Success: A Deconstruction

I’ve often found the word ‘success’ troublesome, especially when paired with its spiritual opposite, failure. These words bother me most when applied to people. Take for example, the generalized anxiety about ‘fear of failure’. One of the many proposed ways of dealing with this anxiety (which is not unhelpful), one of the ways to become a ‘success’ is to begin to allow yourself to fail. A lot. Yet I don’t think that reducing, significantly, one’s fear of failure is a quantifiable metric for success. Specifically because: it makes no damn sense to apply the words ‘success’ or ‘failure’ to human beings.

Instead, I think of ‘success’ and ‘failure’ as very technical terms. Like ‘error’ or ‘complete’ or ‘hybridized data survey’. Success, in my crude formulation, is a thing which is true in perpetuity. An attempt can fail and fail and fail, but upon reaching success will stay that way forever, concluding in a rate at least 51% greater than the amount of failures.

Sorry, I might have lost you for a moment there with the whole 51% thing. Here’s what happened when I tried to explain it to my father.

He has a fairly scientific mind. So I say, success, when it happens, is theoretically infinite. He counters with the nearest thing at hand. Standing in his kitchen, there is one of those spherical containers of Morton salt. He takes the salt, walks over to the sink, picks up a glass. He proceeds to miss pouring the salt into the glass. There, he says, I have failed to pour salt into this glass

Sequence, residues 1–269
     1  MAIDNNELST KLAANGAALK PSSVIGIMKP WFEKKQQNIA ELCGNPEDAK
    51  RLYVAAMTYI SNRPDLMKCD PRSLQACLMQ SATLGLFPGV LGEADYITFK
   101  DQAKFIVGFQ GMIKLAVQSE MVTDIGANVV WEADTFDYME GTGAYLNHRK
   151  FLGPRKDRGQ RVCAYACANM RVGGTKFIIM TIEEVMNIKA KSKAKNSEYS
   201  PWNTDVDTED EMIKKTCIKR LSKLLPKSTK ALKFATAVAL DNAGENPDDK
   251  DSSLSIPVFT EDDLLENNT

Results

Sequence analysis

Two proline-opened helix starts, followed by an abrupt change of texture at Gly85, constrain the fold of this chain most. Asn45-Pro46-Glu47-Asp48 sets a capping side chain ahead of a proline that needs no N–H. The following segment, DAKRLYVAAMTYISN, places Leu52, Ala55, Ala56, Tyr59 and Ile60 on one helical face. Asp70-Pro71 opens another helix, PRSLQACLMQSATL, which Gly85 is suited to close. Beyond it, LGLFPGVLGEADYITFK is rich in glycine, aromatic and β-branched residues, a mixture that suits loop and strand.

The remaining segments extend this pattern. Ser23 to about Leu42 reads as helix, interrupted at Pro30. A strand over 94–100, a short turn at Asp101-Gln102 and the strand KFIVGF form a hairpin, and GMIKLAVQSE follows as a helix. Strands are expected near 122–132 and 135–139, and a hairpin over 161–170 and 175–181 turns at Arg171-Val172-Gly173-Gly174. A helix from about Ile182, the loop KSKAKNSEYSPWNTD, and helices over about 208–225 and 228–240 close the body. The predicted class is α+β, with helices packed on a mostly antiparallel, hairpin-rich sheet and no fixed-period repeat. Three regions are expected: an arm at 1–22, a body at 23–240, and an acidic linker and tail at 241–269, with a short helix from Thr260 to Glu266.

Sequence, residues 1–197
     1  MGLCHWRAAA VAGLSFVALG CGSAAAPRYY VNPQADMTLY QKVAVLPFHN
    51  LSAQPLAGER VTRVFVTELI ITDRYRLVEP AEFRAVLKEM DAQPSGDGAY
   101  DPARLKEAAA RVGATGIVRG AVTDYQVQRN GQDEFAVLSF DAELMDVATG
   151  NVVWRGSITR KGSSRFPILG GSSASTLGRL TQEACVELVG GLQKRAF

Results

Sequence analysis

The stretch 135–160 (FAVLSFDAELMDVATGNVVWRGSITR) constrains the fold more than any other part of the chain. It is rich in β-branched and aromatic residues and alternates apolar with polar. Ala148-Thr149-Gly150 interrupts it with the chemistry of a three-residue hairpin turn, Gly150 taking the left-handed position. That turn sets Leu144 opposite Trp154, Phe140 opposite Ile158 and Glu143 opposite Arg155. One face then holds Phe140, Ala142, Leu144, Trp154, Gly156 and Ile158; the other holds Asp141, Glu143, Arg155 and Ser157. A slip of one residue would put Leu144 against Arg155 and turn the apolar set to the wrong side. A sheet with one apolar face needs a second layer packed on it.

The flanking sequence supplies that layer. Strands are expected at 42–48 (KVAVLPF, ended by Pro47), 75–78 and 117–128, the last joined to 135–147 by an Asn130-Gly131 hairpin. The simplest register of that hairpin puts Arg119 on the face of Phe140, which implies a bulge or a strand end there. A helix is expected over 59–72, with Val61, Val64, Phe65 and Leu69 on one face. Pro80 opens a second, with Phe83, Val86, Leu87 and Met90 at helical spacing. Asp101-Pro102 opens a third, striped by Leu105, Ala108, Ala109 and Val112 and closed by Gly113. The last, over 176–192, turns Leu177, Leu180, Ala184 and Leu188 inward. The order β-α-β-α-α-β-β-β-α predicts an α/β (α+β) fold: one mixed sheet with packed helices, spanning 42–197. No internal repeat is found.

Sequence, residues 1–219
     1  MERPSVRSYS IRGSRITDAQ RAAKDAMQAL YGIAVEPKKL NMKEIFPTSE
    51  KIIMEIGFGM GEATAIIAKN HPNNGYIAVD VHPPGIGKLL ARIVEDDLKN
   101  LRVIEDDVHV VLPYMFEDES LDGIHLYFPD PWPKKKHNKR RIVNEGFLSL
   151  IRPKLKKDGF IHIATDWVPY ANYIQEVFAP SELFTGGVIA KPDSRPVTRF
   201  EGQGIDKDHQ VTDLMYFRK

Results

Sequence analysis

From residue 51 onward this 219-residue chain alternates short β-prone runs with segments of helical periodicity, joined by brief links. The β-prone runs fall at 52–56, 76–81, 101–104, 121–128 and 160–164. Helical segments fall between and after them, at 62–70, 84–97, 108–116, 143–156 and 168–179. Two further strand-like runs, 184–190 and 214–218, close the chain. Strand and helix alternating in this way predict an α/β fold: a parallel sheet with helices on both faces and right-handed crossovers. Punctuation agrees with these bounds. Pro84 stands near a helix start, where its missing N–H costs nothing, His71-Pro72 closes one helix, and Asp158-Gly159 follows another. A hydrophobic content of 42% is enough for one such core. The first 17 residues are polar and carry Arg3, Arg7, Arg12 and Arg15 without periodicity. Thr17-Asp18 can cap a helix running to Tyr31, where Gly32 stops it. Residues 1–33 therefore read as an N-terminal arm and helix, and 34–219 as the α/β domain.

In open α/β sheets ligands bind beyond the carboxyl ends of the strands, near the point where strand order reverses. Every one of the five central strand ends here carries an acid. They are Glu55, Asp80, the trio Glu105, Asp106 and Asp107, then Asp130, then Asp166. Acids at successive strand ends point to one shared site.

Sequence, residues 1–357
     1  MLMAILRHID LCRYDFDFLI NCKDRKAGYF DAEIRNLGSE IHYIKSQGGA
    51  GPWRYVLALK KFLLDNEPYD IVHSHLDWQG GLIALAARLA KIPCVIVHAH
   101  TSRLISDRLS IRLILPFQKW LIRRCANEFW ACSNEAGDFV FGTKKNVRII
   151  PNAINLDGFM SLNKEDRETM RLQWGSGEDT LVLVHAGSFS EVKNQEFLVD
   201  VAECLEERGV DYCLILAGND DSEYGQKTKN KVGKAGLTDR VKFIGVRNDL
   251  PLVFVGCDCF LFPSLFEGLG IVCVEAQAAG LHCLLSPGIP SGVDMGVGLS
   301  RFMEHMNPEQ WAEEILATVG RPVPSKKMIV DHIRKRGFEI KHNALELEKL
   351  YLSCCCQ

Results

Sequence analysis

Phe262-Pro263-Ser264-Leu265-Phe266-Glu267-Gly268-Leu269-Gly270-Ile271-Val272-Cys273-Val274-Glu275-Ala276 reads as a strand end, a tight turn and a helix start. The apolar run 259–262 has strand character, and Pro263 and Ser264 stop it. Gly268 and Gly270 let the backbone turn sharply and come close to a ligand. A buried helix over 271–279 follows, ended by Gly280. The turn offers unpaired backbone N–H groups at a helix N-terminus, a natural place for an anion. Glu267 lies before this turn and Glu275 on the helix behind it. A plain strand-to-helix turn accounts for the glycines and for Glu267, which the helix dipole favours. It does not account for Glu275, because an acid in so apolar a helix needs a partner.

This enlivens me. Ah, I say, but if your goal is to get salt in the glass, surely you could fail multiple times, but eventually you will devise a system or ritual that gets salt in the glass. And once you have built up that system (in this case, muscle memory) you will succeed far more on average than you will fail. Thomas Edison failed and failed in his experiments to find the right filament that would be luminous and lasting, but once he found it, the success of the light bulb will last infinitely longer than its failures to be created.